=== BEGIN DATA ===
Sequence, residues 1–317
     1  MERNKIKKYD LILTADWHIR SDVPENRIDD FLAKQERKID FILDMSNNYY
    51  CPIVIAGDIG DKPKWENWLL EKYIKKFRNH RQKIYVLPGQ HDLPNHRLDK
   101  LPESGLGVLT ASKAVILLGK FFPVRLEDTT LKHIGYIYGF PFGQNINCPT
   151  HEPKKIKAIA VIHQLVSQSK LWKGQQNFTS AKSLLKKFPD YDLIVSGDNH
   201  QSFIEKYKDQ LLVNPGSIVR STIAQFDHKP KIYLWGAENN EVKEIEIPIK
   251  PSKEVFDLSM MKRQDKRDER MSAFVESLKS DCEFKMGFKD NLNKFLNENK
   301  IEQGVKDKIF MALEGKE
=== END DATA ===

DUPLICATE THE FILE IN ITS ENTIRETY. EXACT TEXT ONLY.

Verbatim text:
Sequence, residues 1–317
     1  MERNKIKKYD LILTADWHIR SDVPENRIDD FLAKQERKID FILDMSNNYY
    51  CPIVIAGDIG DKPKWENWLL EKYIKKFRNH RQKIYVLPGQ HDLPNHRLDK
   101  LPESGLGVLT ASKAVILLGK FFPVRLEDTT LKHIGYIYGF PFGQNINCPT
   151  HEPKKIKAIA VIHQLVSQSK LWKGQQNFTS AKSLLKKFPD YDLIVSGDNH
   201  QSFIEKYKDQ LLVNPGSIVR STIAQFDHKP KIYLWGAENN EVKEIEIPIK
   251  PSKEVFDLSM MKRQDKRDER MSAFVESLKS DCEFKMGFKD NLNKFLNENK
   301  IEQGVKDKIF MALEGKE